Maximpact Blog

Global Climate Action Summit Strives to Stoke Ambition

By Sunny Lewis

SAN FRANCISCO, California, September 13, 2018 (Maximpact.com News) – Global leaders from across the private sector, local government and civil society are in San Francisco this week to showcase progress, unveil new climate commitments and to launch new platforms to work in partnership across sectors to accelerate implementation of the Paris Climate Accord.

California Governor Jerry Brown welcomes China to the Global Climate Action Summit, September 12, 2018, San Francisco, California (Photo courtesy Office of the Governor) Public Domain

California Governor Jerry Brown welcomes China to the Global Climate Action Summit, September 12, 2018, San Francisco, California (Photo courtesy Office of the Governor) Public Domain

The Global Climate Action Summit runs from September 12 to 14 in many venues across San Francisco, under the theme Taking Ambition to the Next Level.

To keep warming well below 2°, and ideally 1.5 degrees C – temperatures that could lead to catastrophic consequences – worldwide emissions must start trending down by 2020.

The Summit will showcase climate action around the world, along with bold new commitments, to give world leaders the confidence they need to go even further by 2020 to meet the Paris Climate Agreement goals.

The Summit’s five headline challenge areas are Healthy Energy Systems; Inclusive Economic Growth; Sustainable Communities; Land and Ocean Stewardship and Transformative Climate Investments.

Many partners are supporting the Summit and the mobilization in advance including Climate Group; the Global Covenant of Mayors; Ceres; the C40 Cities Climate Leadership Group; BSR; We Mean Business; CDP, formerly the Carbon Disclosure Project; WWF; and Mission 2020.

The Global Climate Action Summit – the first ever designed exclusively for businesses, sub-national governments, and local leaders – sets the stage for the greater action needed by 2020 from all actors – from national governments within their national climate action plans, and from even more cities, states, businesses, and local communities around the world.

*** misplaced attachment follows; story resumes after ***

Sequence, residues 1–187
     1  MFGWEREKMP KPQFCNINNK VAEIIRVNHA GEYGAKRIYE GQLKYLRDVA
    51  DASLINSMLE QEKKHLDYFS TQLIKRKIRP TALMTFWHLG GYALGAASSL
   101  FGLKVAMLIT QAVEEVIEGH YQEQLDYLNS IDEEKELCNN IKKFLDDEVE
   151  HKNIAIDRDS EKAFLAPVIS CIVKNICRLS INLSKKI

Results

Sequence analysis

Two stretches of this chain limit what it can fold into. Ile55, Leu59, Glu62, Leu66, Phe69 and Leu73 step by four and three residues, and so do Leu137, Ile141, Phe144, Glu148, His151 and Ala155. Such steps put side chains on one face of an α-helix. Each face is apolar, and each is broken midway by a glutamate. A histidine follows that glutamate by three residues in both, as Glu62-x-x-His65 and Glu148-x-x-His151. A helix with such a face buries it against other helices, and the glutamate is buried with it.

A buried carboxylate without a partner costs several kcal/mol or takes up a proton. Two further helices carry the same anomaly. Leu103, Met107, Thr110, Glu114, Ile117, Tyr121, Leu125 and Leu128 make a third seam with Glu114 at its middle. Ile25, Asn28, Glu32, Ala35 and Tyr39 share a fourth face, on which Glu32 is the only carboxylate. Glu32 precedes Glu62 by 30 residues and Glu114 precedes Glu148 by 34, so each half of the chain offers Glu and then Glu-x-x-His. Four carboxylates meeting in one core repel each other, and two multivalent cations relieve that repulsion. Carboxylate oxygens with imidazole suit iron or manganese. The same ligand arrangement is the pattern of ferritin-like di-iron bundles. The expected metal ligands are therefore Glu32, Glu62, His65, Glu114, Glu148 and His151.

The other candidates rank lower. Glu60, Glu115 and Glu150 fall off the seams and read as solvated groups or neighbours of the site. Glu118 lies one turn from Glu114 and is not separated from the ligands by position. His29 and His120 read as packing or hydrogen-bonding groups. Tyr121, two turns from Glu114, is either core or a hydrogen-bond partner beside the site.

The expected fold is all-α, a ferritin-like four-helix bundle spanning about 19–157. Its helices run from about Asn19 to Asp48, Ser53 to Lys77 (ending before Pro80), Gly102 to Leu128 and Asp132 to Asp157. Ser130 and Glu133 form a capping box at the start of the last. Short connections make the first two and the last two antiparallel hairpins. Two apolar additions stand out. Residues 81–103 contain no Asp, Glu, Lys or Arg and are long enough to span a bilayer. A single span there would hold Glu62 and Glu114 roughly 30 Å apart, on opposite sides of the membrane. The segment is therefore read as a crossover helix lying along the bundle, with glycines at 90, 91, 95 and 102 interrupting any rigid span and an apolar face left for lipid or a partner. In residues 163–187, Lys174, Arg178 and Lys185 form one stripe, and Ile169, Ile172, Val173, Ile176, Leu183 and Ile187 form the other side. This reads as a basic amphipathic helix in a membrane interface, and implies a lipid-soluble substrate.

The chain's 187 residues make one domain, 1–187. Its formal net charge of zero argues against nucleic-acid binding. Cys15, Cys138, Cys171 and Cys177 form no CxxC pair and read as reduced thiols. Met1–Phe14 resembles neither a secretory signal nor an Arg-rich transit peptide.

China Gets a Warm Welcome

Helping kick off the Global Climate Action Summit, California Governor Edmund G. “Jerry” Brown led his state’s delegation at the Under2 Coalition General Assembly and welcomed new signatories to the California-led coalition, which now represents 17 percent of the global population and 43 percent of the global economy.

Governor Brown also welcomed China’s 120-plus attendees – the largest country delegation at the event. “China has taken this global summit very, very seriously and we hope to build on that in the months and years ahead as California, the U.S. and China, and Jiangsu Province in particular, work ever more closely to combat climate change,” said Brown at the opening of the China Pavilion at the Summit.

“Let’s leave this Summit more committed than ever to get to – not low-carbon, zero–carbon, and then minus carbon – a prosperous world for all,” said Brown in welcoming China’s top environmental officials and representatives from Chinese provinces, cities, business and civil society at the opening ceremony of the China Pavilion, which showcases China’s progress on its climate goals.”

Governor Brown held a bilateral meeting with Vice Governor Miao Ruilin of Jiangsu Province – California’s sister-state and one of the first provinces in China to join the Under2 Coalition – to discuss agreements signed by the Governor in Nanjing last year and in 2013 to expand cooperation on areas including climate, clean energy and technology.

Governor Brown also renewed climate agreements signed with China in 2013 and 2015 – with then-National Development and Reform Commission Vice Chairman Xie Zhenhua, currently leading the Chinese delegation at the Global Climate Action Summit as China’s Special Representative for Climate Change.

The agreement signed Wednesday seeks to enhance cooperation between California and China on programs that mitigate carbon emissions and short-lived climate forcers, implement carbon emissions trading systems, share clean energy technologies, strengthen low-carbon development and other initiatives.

Indigenous People Make Their Voices Heard

On Monday, hundreds gathered outside the site of the Governors’ Climate and Forest Task Force meeting leading up to the Global Climate Action Summit.